The key to the exercise of this power, though, is what I have elsewhere (unpublished) called a “constitutionally adequate” determination of enemy status of the type that SCOTUS required in Hamdi and Boumediene. It requires both the existence of an armed conflict and a reasonable identification of an individual as one subject to potentially lethal (capture or kill) targeting order. While SCOTUS has not shied away from supporting the executive’s identification of certain individuals as enemies subject to war measures, its bases for doing so have varied, and there has often been little real factual dispute – at least until 9/11 and the post-Boumediene habeas litigation. I suspect this lack of clarity may play a role in the OLC’s al-Awlaki opinion. It is also, in part, why I believe after-the-fact judicial review of potentially lethal targeting orders involving citizens is essential.
But let’s think more broadly about the administration’s rationale for targeted killing, including that of al-Awlaki. Harold Koh has stated, once here at OJ, that the administration’s approach to targeted killing is justified either by lawful acts of war against enemies in armed conflict with the United States, or by independent acts of national self-defense. The administration also argued these separate bases for the (unacknowledged) targeting of al-Awlaki in the case brought by al-Awlaki’s father. Ken, I and others discussed what Ken has called the “naked self-defense” theory and its implications here. In short, if the U.S. is to engage in self-defense outside the scope of an existing armed conflict and without creating a new armed conflict, the international legal framework is unclear. Some argue that international human rights law governs the attack, others the laws of war or the laws of war by analogy. That ambiguity hardly supplies the sort of clarity one would prefer in matters of constitutional importance. (It also raises somewhat alarming questions about the extent to which such authority might be claimed within the territory of the U.S.) Thus, it may be the case that ambiguity in the international law surrounding “naked self-defense” motivated the OLC opinion’s authors to apply constitutional protections that, I have here argued based on SCOTUS precedent, generally do not apply to enemies of the U.S. in armed conflict, including citizen-enemies.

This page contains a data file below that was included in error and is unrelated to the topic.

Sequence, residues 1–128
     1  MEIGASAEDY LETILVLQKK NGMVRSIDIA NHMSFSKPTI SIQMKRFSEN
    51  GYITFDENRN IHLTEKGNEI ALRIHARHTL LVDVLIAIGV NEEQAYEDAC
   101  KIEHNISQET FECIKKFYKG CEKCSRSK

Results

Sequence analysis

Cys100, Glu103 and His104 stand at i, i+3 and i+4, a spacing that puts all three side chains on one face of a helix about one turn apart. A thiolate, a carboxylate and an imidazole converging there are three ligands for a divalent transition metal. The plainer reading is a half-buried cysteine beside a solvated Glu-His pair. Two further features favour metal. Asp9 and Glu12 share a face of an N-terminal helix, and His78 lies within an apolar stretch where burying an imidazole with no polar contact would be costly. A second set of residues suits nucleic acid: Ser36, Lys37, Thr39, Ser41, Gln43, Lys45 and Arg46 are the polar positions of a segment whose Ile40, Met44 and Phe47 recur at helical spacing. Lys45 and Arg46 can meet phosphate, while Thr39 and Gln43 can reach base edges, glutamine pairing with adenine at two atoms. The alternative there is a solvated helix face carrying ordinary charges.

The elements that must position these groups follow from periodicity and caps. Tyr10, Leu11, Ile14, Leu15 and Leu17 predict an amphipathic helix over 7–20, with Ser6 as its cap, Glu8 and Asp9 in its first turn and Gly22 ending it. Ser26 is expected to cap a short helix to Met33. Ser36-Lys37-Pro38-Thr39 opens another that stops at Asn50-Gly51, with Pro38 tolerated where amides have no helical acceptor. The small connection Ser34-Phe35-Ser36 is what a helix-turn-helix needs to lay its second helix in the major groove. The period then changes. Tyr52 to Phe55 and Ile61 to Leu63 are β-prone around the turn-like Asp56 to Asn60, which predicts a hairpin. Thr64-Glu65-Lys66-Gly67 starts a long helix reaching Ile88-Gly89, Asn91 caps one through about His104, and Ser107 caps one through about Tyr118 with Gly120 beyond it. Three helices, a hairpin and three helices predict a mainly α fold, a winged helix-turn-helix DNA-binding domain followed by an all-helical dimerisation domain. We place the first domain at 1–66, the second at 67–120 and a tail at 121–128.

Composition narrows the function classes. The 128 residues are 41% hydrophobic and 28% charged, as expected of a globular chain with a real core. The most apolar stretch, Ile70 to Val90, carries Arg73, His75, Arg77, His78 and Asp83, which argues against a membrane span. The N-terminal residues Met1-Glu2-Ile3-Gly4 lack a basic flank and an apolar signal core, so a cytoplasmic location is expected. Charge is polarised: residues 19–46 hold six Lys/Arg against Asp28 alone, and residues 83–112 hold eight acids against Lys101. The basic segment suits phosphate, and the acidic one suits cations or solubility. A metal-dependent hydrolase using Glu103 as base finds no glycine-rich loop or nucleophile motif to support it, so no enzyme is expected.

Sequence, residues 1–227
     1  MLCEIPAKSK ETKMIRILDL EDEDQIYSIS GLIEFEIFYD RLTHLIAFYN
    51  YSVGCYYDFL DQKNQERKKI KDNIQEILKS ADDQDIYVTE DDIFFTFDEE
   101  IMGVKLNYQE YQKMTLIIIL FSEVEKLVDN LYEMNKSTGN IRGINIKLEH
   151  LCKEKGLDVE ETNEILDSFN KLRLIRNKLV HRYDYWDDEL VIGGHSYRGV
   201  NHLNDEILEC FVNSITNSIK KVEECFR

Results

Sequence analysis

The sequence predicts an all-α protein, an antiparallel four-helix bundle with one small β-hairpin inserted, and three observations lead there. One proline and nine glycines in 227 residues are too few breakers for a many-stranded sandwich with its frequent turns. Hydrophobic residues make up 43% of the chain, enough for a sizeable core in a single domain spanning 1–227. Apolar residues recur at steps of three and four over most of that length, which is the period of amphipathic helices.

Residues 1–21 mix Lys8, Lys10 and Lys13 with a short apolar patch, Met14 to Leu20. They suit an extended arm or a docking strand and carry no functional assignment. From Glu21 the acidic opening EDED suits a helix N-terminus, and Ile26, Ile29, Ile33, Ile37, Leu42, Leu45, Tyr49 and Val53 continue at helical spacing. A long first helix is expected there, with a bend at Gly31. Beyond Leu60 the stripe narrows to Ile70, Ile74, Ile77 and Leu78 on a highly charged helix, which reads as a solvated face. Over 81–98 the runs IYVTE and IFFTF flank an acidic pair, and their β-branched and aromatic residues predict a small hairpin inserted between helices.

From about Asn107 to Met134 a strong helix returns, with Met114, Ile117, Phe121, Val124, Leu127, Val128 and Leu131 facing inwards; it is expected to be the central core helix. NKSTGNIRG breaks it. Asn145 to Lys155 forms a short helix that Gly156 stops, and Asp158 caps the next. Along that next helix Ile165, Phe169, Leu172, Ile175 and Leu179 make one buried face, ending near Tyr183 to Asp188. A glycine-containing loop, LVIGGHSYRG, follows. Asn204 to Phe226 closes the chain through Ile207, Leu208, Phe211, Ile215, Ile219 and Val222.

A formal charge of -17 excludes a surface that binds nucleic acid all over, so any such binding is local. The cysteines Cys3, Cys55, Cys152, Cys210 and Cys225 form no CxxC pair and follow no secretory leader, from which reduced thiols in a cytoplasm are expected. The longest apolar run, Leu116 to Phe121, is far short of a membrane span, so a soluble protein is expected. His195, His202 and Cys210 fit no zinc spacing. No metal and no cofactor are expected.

We might then question why the alternate theory would be asserted at all. Well, it isn’t necessarily easy to place Al-Qaeda in the Arabian Peninsula (AQAP), which formed well after 9/11, into the precise terms of the post-9/11 AUMF, authorizing the President to use military force against those he determines, “planned, authorized, committed, or aided the terrorist attacks that occurred on September 11, 2001, or harbored such organizations or persons.” Or, it may be that any claimed “operational links” between AQAP and “Al-Qaeda central” do not clearly establish their participation in the armed conflict between the U.S. and the latter, rather than merely independent acts of violence with similar ideological motivation. We may soon find out, or we may not get enough information to sort this one out.